Following the greater mobility and effective implementation of health and safety protocols with lesser and lesser COVID-19 cases, the Philippines is in full swing of economic recovery as manufacturing output climbed 53.2 in March 2022, again outperforming its ASEAN neighbors.    

The Department of Trade and Industry, through its industry and investments promotion arm–the Board of Investments (BOI), believes the country’s manufacturing output will continue to rebound this year. “The surge of the Omicron variant dampened our recovery expectations at the start of the year but with the lesser and lesser COVID-19 cases in February and March, all signs point to a full recovery in full swing starting March and in the coming months,” Trade Secretary and BOI Chairman Ramon Lopez said.

The manufacturing output, through the Purchasing Managers’ Index (PMI) of the IHS Markit Philippines, climbed to a three-year high at 53.2 in March, again outperforming its ASEAN peers as the country’s mobility was the highest, snapping four months of the index above 50.  “With this, we expect a robust first-quarter gross domestic product (GDP) performance and for manufacturing PMI to again signal expansion in April.  

“Still on the brighter side, manufacturing output for the whole of 2021 capped a solid year marked by nine straight months of growth culminating in December,” Secretary Lopez said, as the Philippine Statistics Authority’s (PSA) monthly survey of selected industries showed the Volume of Production Index (VoPI) expanded 17.9 percent year-on-year in December 2021 which is slower than the 25.8 percent growth in November but a turnaround year-on-year of the 14.8 percent decline recorded in December 2020.  

The PSA indicated 11 industries that grew in December and were paced by the manufacture of wood, bamboo, cane, rattan articles, and related products which attained a 122.6 percent growth year-on-year. Other gainers include the manufacture of machinery and equipment as well as electrical as both grew by 50 percent. Other industries recorded double-digit growth such as coke and refined petroleum products (48 percent), computer, electronic and optical products (27 percent), non-metallic mineral products (37 percent), food products (32 percent), and fabricated metal products (40 percent).   

All told, about a fourth of factories were at the full-capacity operation.  

Growth in the Value of Production Index (VaPI) posted an increase of 18.6 percent in December from 27.2 percent in November. For the full year, VaPI increased by 47 percent, a turnaround from the 43 percent contraction in 2020.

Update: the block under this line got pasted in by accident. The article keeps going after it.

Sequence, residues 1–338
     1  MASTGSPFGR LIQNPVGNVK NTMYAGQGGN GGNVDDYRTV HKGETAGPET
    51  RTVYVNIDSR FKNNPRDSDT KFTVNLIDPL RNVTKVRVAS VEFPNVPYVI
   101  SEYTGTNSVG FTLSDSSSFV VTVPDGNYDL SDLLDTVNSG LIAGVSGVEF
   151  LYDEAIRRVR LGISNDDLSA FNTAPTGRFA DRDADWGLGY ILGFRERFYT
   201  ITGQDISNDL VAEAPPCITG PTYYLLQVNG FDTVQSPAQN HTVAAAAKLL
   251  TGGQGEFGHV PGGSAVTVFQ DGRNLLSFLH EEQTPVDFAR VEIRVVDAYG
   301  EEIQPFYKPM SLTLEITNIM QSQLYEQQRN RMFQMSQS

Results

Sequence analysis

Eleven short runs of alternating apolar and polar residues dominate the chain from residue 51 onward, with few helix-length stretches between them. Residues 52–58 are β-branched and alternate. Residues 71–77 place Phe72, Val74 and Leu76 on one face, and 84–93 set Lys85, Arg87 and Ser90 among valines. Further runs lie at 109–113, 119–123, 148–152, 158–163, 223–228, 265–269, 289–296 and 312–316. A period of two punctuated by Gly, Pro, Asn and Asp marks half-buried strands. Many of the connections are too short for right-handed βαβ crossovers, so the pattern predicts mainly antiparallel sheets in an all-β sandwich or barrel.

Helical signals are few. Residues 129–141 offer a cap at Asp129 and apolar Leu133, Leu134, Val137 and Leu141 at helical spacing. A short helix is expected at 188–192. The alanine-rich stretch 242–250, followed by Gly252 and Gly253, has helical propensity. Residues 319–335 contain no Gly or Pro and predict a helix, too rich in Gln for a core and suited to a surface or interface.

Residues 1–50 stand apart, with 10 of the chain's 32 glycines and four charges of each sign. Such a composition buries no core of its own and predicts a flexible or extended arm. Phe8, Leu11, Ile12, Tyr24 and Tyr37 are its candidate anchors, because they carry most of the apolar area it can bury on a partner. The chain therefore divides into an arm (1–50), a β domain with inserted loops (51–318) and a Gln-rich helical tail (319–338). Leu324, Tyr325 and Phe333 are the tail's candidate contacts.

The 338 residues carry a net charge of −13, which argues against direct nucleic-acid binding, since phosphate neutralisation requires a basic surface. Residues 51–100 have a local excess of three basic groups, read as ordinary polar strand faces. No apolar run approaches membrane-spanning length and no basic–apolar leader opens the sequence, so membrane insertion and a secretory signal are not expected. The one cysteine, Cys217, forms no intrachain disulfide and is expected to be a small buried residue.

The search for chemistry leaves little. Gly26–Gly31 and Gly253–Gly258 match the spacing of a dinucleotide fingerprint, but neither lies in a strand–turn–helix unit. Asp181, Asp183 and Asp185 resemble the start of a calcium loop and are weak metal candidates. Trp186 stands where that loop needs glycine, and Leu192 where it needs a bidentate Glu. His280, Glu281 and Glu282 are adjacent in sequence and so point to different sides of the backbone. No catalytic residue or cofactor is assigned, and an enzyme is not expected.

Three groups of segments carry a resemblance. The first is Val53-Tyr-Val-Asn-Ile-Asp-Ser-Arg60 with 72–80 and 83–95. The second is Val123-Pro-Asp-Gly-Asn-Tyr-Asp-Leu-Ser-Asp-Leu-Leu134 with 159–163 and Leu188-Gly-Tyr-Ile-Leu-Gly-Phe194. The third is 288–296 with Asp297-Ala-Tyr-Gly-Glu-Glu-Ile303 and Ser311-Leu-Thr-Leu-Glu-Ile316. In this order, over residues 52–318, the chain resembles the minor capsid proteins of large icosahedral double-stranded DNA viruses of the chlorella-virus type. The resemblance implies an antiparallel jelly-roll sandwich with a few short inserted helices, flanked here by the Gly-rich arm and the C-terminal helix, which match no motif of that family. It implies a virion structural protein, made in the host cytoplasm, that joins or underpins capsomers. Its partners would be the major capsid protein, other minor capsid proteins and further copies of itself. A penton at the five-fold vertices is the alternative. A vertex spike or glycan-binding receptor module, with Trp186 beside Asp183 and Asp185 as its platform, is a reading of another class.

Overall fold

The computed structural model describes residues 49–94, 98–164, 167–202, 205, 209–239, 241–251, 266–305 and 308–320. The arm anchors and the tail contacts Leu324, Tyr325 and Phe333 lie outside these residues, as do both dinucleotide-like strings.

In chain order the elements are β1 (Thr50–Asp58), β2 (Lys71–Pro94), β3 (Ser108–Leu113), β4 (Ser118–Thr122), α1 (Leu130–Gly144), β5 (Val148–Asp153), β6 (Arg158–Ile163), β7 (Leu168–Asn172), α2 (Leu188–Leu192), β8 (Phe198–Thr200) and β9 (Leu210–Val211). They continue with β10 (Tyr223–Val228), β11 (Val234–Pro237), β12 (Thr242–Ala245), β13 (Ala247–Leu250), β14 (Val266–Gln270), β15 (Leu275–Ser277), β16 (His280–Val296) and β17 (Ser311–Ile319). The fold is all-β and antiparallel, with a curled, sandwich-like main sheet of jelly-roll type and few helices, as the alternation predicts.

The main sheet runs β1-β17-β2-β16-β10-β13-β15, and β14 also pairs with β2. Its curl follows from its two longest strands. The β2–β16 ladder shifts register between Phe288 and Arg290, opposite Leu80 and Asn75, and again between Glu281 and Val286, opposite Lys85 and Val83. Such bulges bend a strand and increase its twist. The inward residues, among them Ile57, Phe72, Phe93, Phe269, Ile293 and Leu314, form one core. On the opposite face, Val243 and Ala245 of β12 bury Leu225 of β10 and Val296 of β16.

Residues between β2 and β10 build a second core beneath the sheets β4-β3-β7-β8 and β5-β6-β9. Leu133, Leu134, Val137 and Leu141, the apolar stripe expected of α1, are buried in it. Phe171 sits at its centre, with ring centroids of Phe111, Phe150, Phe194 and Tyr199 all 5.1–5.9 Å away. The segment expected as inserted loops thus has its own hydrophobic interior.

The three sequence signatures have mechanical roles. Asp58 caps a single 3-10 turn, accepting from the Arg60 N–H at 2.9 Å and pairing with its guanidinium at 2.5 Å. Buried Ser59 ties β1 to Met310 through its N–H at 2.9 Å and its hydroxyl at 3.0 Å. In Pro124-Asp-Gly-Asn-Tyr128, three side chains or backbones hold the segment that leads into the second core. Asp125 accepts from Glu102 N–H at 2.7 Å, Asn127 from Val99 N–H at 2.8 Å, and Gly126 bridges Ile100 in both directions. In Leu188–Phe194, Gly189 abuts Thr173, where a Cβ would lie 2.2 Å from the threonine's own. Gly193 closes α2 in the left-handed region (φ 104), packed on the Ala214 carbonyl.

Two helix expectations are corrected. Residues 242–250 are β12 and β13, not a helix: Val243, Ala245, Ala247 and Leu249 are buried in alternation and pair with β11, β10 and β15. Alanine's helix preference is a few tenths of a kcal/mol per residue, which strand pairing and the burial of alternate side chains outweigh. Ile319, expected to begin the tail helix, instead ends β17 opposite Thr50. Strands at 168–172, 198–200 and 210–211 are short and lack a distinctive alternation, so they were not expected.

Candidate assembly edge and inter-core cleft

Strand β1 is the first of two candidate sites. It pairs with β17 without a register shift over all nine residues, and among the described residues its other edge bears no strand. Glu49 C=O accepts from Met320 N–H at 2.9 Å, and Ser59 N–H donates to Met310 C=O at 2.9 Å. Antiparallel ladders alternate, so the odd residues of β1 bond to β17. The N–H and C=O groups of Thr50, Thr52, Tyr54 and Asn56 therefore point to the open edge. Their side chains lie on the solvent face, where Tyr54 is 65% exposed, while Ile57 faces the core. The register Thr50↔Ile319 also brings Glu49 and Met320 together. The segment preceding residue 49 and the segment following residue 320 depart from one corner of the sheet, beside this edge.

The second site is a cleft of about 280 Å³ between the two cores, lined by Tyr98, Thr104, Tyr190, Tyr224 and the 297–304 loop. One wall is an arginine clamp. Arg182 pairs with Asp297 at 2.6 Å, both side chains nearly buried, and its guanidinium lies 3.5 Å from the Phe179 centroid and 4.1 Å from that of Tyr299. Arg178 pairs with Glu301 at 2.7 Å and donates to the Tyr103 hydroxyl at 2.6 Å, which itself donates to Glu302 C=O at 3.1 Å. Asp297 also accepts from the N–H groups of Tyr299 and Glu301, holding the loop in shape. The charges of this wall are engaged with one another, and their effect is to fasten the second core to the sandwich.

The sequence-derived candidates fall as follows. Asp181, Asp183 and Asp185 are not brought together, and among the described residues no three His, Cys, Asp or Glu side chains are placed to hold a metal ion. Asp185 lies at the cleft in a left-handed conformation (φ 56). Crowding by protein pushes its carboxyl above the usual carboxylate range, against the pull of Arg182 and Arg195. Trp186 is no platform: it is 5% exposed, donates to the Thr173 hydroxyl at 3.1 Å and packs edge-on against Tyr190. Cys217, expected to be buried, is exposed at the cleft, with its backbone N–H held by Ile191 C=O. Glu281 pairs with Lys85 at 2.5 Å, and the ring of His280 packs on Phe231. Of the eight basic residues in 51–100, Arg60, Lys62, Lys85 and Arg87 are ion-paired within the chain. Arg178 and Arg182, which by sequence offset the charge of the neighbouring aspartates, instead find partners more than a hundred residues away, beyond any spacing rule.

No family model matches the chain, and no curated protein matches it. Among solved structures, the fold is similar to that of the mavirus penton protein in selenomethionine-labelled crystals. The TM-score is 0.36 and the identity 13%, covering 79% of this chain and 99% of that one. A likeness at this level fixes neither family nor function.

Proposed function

“The nine-month run expansion of manufacturing output played a key role in pushing our economic growth to 5.6 percent for 2021, above our target of 5 to 5.5 percent. By capping its run until the end of the year ushered a strong 7.7 percent GDP growth in the last quarter,” Trade Undersecretary and BOI Managing Head Ceferino Rodolfo said, noting that manufacturing was among the sectors that posted investment growth.  

The growth in the manufacturing sector was significantly supported by the surge in the country’s foreign direct investment (FDI) net inflows last year to reach an all-time high of US$10.518 billion, 54.2 percent higher than US$6.822 billion in 2020, according to the data from Bangko Sentral ng Pilipinas (BSP).  The previous record level was US$10.3 billion in 2017.  The 2021 net FDI also surpassed the earlier government projection of US$8.5 billion.  

“The growth in FDI reflected continued positive foreign investor sentiment on the country amid expectations of a rebound in domestic economic activity and declining COVID-19 reported cases, as well as the strengthening of the global economy,” Undersecretary Rodolfo said.  

The record-breaking FDI figure for 2021 comes at a time when foreign investment commitments recorded by the BOI alone amounted to PhpP151.8 billion last year (or about US$3 billion) but which is already higher by 218 percent than the 2020 figure. “We were not able to achieve our targets last year primarily due to the slowdown of mobility as a result of stringent travel protocols and the surge of the Delta and Omicron variants. As we move into Alert Level 2 for February and then down to Alert Level 1 in March, we are definitely on our way to open up further our economy and on to a full recovery,” Undersecretary Rodolfo said. “The record-breaking FDIs figures in 2021 will provide the momentum in stepping up our FDI generation for this year as foreign investors remain unfazed amid the pandemic by channeling more capital inflows into the country,” he said.  

Secretary Lopez added that “With the CREATE Act in full implementation, plus the recent signing of the 3 major economic reforms : the amendments to the Retail Trade Liberalization Act,  the Foreign Investments Act and Public Service Act,  complemented by our “Make It Happen in the Philippines” campaigns and strategic investment promotion missions, we expect more investments to come in.  There are major investment projects in the pipeline and we will be on our way up towards higher foreign investment levels, which will generate more employment opportunities for the Filipino people”. END